In response, Wilson wrote a critical New York Times op-ed piece in June 2003 stating that he had personally investigated claims of yellowcake purchases and believed them to be fraudulent.[109] After Wilson's op-ed, Wilson's wife Valerie Plame was publicly identified as an undercover CIA analyst by a columnist. This led to a Justice Department investigation into the source of the leak. The federal investigation led to the conviction of I. Lewis (Scooter) Libby, Vice President Dick Cheney’s chief of staff, on charges of perjury and obstruction of justice.[107]

On 1 May 2005, the "Downing Street memo" was published in The Sunday Times. It contained an overview of a secret 23 July 2002, meeting among British government, Ministry of Defence, and British intelligence figures who discussed the build-up to the Iraq war—including direct references to classified US policy of the time. The memo stated that "Bush wanted to remove Saddam, through military action, justified by the conjunction of terrorism and WMD. But the intelligence and facts were being fixed around the policy".[110]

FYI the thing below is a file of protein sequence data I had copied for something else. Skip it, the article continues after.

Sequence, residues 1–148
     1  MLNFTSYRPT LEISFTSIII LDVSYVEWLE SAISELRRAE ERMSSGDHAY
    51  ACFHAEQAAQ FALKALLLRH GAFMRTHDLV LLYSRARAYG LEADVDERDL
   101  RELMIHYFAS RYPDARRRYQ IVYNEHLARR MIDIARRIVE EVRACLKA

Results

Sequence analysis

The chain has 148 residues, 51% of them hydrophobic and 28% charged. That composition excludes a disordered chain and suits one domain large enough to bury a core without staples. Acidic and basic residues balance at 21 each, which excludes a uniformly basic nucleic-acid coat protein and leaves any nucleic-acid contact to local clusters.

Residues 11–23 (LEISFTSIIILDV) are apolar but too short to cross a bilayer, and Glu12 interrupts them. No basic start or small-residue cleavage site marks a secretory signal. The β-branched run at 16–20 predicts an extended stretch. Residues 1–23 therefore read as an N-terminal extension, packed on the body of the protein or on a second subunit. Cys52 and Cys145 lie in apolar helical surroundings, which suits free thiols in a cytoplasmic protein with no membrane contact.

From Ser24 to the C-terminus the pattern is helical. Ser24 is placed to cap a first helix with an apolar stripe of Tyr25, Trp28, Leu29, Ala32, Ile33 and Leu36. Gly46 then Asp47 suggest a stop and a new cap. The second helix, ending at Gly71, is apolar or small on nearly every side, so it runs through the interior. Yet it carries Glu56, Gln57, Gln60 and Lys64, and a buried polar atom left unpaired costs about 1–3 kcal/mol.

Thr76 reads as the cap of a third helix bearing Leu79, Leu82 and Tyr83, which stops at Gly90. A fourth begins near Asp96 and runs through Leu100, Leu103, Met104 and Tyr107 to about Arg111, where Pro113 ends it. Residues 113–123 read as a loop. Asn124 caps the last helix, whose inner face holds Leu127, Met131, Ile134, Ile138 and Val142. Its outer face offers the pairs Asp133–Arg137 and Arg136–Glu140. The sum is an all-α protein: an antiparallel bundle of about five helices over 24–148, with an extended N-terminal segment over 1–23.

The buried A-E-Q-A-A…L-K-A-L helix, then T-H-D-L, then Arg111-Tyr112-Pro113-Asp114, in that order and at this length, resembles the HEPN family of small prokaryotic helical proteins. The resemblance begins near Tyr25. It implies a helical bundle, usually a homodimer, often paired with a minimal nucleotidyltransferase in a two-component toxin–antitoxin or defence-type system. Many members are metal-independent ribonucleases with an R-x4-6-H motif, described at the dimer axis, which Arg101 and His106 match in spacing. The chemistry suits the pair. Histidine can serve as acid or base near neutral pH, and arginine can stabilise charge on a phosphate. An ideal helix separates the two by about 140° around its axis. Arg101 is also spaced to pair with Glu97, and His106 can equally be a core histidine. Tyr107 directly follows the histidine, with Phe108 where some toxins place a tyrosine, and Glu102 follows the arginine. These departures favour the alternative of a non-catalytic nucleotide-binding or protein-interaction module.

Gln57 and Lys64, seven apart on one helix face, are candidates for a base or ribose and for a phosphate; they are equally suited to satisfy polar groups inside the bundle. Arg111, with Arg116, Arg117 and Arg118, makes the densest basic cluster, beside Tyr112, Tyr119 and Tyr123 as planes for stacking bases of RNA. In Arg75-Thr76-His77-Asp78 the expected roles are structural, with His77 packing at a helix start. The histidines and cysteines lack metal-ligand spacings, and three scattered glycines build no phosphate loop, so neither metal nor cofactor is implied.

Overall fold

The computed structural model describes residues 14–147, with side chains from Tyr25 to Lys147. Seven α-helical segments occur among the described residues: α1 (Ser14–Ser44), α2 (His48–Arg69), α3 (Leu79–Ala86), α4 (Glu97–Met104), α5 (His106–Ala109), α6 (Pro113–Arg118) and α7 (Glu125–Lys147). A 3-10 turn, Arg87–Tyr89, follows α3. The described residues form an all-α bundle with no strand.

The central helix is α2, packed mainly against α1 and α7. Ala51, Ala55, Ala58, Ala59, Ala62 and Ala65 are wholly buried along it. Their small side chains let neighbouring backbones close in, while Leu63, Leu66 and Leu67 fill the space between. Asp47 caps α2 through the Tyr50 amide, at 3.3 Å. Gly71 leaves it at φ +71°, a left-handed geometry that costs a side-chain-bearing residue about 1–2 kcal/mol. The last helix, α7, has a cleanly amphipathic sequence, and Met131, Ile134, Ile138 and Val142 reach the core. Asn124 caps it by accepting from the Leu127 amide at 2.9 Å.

In September 2002, the Bush administration, the CIA and the DIA said attempts by Iraq to acquire high-strength aluminum tubes that were prohibited under the UN monitoring program and which they said pointed to a clandestine effort to make centrifuges to enrich uranium for nuclear bombs.[111] This analysis was opposed by the United States Department of Energy (DOE) and INR, which was significant because of DOE's expertise in such gas centrifuges and nuclear weapons programs. The DOE and INR argued that the Iraqi tubes were poorly suited for centrifuges and that while it was technically possible with additional modification, conventional military uses were more plausible.[112] A report released by the Institute for Science and International Security in 2002 reported that it was highly unlikely that the tubes could be used to enrich uranium.[113]

An effort by the DOE to correct this detail in comments prepared for United States Secretary of State Colin Powell's UN appearance was rebuffed by the administration[113][114] and Powell, in his address to the UN Security Council just before the war, referenced the aluminum tubes, stating that while experts disagreed on whether or not the tubes were destined for a centrifuge program, the specifications of the tubes were unusually tight.[115] Powell later admitted he had presented what turned out to be an inaccurate case to the UN on Iraqi weapons, and the intelligence he was relying on was, in some cases, "deliberately misleading."[116][117][118] After the 2008 US presidential election, and the election of Democratic party nominee Barack Obama, President Bush stated that "[my] biggest regret of all the presidency has to have been the intelligence failure in Iraq".[119]